Book Review - Sunshine by Jarrett J. Krosoczka

Billed as a follow up to his National Book Award nominated Hey, KiddoSunshine is a story that attempts to fill in Krosoczka’s high school years while he counsels at a camp for kids with cancer. But let's be clear, Sunshine really isn't a follow up. The threads created in Hey, Kiddo are only scantly referenced. In fact, Sunshine is so insular, it's like calling White Bird a follow up to Wonder. They exist in the same universe, but the events within are nothing alike. 

At least with other books that exist in the same universe, say The Hate U Give and Concrete Rose, the worlds collide on more than a surface level. And while they exist independently, they are enhanced with the reading of the other. The same could not be said for Sunshine. Outside of knowing just a little bit more information, the events and the world within are completely isolated.

So now I'm left with managing expectations versus evaluating what I got. To be clear, Sunshine is clearly a book that means a lot to Krosoczka. It's reflecting on a major influential time in his life. The problem is, I felt disconnected from the events that transpired. On the onset, Krosoczka decides to volunteer his time at this camp which his grandparents think is a terrible idea.

And it's immediately, for Krosoczka, a moving experience. Because how can you not feel something when you're talking about kids with life-threatening illnesses? 

But it never goes any further than that. His connection to the kid he has to follow, Carlos never feels complex. Krosoczka offers him a helping hand when he can. He draws pictures for him. He even gets him to go paddle-boating. But that's it. It never shows and depth or range. He spends an inordinate amount of time with another kid who he isn't ever in charge of. And trust me, I'm not the only one who was confused by this. Several other people I talked to were like, "But why was he close to that family in particular." It's never explained, and it's totally confusing.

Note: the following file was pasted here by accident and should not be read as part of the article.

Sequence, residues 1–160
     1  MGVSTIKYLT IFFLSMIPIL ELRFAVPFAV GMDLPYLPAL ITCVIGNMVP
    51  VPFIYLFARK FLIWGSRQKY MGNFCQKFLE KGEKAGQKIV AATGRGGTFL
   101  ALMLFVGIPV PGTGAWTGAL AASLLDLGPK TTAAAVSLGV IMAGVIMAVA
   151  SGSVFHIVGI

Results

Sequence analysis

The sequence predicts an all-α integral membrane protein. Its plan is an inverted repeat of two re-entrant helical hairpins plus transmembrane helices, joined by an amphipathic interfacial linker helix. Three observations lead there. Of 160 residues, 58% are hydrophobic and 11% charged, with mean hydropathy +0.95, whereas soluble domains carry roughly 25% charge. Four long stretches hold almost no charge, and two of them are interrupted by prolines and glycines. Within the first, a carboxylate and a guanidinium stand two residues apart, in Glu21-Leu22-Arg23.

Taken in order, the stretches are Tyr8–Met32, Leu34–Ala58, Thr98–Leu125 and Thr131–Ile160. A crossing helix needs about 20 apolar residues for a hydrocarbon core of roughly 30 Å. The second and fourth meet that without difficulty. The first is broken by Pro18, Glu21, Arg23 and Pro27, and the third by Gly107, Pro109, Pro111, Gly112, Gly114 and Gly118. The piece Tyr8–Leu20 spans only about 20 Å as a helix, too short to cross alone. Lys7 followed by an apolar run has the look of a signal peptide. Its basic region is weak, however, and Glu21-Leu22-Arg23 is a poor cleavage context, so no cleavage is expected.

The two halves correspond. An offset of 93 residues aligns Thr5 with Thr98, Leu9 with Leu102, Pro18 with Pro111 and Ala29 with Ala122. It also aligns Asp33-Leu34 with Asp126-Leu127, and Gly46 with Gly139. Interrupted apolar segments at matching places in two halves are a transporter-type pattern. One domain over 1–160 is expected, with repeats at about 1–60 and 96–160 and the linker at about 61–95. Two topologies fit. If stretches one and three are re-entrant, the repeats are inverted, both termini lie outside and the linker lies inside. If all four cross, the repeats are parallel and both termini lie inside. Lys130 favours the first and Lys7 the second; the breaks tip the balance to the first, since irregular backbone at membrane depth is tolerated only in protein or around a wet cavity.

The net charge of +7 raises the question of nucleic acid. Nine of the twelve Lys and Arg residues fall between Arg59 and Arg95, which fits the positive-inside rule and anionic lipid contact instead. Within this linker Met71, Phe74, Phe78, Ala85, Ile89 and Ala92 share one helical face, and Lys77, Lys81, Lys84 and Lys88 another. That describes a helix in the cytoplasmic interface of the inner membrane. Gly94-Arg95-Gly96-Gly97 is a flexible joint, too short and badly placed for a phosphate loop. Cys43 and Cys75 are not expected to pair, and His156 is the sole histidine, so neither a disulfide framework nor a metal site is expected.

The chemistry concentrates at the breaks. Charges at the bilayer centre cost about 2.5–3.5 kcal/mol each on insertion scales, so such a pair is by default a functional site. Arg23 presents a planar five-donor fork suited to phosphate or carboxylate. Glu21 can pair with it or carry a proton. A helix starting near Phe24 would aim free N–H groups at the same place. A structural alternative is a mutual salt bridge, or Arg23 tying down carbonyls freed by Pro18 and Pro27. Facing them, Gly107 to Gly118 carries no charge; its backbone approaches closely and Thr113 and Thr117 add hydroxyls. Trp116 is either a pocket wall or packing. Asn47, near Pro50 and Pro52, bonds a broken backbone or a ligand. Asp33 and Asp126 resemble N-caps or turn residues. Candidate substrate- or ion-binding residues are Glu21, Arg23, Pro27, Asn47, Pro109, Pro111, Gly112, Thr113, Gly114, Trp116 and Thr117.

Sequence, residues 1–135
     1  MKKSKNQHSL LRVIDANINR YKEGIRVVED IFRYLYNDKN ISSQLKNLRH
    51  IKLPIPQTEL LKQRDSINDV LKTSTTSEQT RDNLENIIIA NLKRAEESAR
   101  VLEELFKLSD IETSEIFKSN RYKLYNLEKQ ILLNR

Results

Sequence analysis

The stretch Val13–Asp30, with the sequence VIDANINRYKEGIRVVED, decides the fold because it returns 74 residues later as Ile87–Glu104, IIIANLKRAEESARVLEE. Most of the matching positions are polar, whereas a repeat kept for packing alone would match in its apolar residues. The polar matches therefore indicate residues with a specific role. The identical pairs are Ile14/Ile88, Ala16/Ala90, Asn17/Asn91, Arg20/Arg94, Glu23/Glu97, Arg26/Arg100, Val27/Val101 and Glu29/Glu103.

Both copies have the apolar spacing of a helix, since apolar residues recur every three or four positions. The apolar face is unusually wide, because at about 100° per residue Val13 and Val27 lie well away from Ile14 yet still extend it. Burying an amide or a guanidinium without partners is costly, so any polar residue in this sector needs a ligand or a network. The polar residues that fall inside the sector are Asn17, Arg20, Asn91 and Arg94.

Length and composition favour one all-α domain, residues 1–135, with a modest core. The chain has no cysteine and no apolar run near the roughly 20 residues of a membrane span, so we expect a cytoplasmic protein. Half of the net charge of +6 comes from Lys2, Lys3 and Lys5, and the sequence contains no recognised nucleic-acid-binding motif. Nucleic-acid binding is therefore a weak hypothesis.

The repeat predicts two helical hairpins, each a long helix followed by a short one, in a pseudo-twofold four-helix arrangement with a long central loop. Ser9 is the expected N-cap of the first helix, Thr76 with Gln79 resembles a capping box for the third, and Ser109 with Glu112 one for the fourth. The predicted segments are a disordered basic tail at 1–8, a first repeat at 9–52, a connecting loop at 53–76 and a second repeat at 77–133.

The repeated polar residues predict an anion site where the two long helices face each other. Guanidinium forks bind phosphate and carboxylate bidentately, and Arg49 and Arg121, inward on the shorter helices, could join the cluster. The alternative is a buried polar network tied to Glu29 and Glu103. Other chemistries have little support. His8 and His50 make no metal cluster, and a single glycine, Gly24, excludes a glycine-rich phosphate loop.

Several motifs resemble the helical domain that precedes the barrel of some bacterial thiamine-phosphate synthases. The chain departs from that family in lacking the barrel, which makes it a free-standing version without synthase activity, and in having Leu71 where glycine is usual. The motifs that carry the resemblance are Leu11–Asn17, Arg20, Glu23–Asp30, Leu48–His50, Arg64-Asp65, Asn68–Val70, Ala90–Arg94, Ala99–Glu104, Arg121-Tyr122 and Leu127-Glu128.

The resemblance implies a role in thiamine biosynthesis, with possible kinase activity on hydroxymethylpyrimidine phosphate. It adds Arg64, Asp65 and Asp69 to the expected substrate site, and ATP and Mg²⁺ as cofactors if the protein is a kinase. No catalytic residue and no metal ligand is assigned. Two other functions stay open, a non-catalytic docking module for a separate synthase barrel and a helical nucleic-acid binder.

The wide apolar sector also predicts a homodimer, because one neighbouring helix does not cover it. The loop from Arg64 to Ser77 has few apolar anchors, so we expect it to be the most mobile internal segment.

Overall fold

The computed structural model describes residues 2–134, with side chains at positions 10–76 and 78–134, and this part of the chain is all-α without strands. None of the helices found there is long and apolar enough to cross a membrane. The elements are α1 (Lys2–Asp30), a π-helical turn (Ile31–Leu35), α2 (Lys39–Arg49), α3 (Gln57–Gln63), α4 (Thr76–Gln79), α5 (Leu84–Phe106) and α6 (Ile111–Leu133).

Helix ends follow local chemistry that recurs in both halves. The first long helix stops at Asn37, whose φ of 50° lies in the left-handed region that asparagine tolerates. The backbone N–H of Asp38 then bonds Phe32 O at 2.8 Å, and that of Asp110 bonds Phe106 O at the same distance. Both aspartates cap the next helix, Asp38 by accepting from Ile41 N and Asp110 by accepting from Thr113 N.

When I think of other camp stories such as Flamer, they create a world and let us feel part of that world. They show us everything, no matter our discomfort. Sunshine feels almost sanitized. Safe even.

I tell my students that writing about camp is probably the worse thing a student can do. There's something about the experience that's hard to capture. Camp is so specific to the person, and capturing that love of the community requires precision and a moment so singularly profound, it's nearly impossible to pull off.

Sunshine never pulls it off. There's no challenge. There's no change in the way our character feels. The essence of the camp isn't captured. What it does have is cancer. So it feels misguided to really say anything particularly egregious about the characters. But ultimately, this is just fine. There's an audience for this kind of work. I'm not sure who it is, but it really lacks any excitement or growth. He thinks about camp a lot even in his older age. That's great Jarrett. But the "why" we should care never quite delivers the depth one would expect. 

Release Date: April 18, 2023
MSRP: $15.99


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